Writing in the latest issue of Lab Times, Alex Reis portraits two sections of ‘do-it-yourself’ in the biosciences. One is the group of ‘citizen scientists’, some of which are organized in DIYbio. The other group covered is that of cash-strapped biologists who create “low-cost customized devices” “out of necessity”, instead of “heading for the nearest catalogue to find the best equipment to buy”.
I’m not so much concerned with the attitude that the catalogues apparently hold the “best” equipment – as opposed to that equipment which will make grants more expensive and hence pull in more overhead for the university and more prestige for the PI. I’m more concerned with the impression this article gives that only the scholarly poor need to resort to DIY, whereas the first-world, well-funded, top-ranked laboratories of course always buy the best equipment from the catalogues for their cutting edge, world-class science.
Instead of denigrating laboratories who try to refrain from wasting tax funds on overpriced equipment, shouldn’t one instead ask what kind of research this is, where the equipment is already being sold by for-profit companies? To look for the one thing that hasn’t been put under a microscope, yet? To sequence the one gene or genome that hasn’t been sequenced, yet? To amplify the one sequence that hasn’t seen a PCR machine, yet? To obtain a band from the one protein that hasn’t been sent through a gel, yet? To spin the one liquid that hasn’t seen the inside of a salad spinner, yet? I’m exaggerating and oversimplifying, of course, but to make a point.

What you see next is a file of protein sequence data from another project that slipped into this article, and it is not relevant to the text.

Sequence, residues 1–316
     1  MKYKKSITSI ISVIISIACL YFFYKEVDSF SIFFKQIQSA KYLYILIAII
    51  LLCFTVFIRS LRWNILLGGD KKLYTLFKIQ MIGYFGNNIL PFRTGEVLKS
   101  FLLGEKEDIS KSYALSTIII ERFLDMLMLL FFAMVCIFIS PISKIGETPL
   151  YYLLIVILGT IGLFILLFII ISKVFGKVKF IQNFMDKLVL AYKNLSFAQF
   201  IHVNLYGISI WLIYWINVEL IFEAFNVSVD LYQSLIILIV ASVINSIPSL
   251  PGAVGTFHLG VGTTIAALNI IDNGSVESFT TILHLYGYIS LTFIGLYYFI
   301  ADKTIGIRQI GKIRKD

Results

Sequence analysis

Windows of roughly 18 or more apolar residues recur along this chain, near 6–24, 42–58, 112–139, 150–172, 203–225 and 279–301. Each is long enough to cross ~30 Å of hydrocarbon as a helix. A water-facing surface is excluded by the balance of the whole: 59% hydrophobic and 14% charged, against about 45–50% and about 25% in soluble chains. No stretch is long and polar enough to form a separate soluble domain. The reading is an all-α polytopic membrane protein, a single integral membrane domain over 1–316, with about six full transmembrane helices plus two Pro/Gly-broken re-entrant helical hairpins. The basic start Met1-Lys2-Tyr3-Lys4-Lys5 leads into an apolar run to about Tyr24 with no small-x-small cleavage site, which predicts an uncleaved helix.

Quite logically, if you look at things nobody has looked at before, there cannot exist a company that provides you with a handy machine, so you just have to build the equipment or reagent yourself. Thus, in fact, every cutting-edge science by definition has to be DIY. The super-resolution microscopes for which this year’s Nobel was awarded couldn’t be bought in a store: Betzig, Hell, Moerner and colleagues had to build them themselves. If you can buy it in a store, also by definition, someone must have looked at something like this before and you’re just following in their footsteps.
One may argue, that perhaps most, if not all breakthrough science must be DIY, simply because you cannot sell equipment that doesn’t exist.
P.S.: Obviously, this post is not meant to denigrate all my many colleagues who buy all of their equipment or reagents. This research is of course very valuable and also in our lab we mostly use equipment that was designed by others than ourselves, even if it cannot be bought, and only rarely design it ourselves. I object to silly rankings and trivial comparisons in general and I only want to point out that it is very easy to argue in exactly the opposite way to counter the impression that this article is giving.
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